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Chicago, Illinois

The Renaissance Society

An avant garde art museum at the University of Chicago. 

You’ve probably never heard of the Renaissance Society. Though its name sounds antiquated, the name comes from the broad meaning of renaissance, “rebirth”. Rather than concentrate on the past, the Society maintains “bold and early commitments to this country’s most challenging and provocative art.” The Renaissance Society was one of the first museums to focus on “modern art.” Unlike most museums that measure their worth by the value of their permanent collection, the Renaissance Society is a non-collecting museum, so it devotes its energy to unique shows, much like a gallery.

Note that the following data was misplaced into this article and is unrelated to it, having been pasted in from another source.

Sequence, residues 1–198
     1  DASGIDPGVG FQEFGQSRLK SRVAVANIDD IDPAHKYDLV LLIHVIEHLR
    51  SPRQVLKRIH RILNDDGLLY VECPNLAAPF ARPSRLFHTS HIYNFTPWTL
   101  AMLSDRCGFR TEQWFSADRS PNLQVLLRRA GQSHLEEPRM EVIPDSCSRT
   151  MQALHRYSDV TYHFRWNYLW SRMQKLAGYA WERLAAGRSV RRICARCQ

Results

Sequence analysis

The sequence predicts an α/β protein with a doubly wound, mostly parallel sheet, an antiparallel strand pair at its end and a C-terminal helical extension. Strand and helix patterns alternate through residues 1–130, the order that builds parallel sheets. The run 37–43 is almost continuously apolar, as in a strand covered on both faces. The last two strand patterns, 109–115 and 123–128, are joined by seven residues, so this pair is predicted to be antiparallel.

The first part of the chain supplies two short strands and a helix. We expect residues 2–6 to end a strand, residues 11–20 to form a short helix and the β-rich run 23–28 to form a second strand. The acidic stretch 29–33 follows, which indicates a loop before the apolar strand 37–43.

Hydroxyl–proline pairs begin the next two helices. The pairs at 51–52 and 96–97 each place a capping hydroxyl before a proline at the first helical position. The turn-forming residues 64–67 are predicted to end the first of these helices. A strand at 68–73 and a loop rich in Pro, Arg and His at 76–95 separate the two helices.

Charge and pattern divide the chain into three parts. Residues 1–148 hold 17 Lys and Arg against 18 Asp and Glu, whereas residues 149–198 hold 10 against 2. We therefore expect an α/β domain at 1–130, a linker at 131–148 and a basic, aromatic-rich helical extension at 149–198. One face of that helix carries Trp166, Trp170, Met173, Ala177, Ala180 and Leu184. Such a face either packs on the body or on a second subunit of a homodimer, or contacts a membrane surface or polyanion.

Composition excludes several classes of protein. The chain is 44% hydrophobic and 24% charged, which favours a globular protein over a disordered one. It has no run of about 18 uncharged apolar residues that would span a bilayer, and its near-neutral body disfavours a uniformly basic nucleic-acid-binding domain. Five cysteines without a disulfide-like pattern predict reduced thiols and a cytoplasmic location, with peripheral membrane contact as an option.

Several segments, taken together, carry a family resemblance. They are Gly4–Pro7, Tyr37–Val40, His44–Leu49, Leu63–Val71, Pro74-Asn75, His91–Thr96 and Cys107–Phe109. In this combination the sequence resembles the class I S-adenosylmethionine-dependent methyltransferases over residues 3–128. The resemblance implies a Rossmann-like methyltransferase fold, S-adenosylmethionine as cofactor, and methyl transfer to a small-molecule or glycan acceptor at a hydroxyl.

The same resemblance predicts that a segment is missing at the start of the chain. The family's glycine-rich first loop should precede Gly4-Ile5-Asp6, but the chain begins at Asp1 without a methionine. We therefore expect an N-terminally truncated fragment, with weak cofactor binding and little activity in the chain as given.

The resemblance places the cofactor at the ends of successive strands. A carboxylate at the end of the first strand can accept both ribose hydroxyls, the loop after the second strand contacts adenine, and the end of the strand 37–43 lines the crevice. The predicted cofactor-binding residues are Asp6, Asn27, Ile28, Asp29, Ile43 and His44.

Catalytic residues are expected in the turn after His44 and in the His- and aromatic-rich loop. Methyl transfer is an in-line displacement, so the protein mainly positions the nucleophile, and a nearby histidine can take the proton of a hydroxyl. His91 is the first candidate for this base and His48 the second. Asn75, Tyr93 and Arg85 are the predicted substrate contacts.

Opened it 1915, it predated the Museum of Modern Art in New York by 13 years. Under the direction of Eva Watson-Schütze from 1929-1925, the Renaissance Society brought the works of Picasso, Chagall, Miro, Arp and other moderns to Chicagoans. In 1934, the Society hosted Alexander Calder’s first solo show. Throughout the 20th century, they continued to lead, exhibiting Julian Schnabel, Jeff Koons, Cindy Sherman and others, before their work was bought by art collectors and museums. Who’s on show now?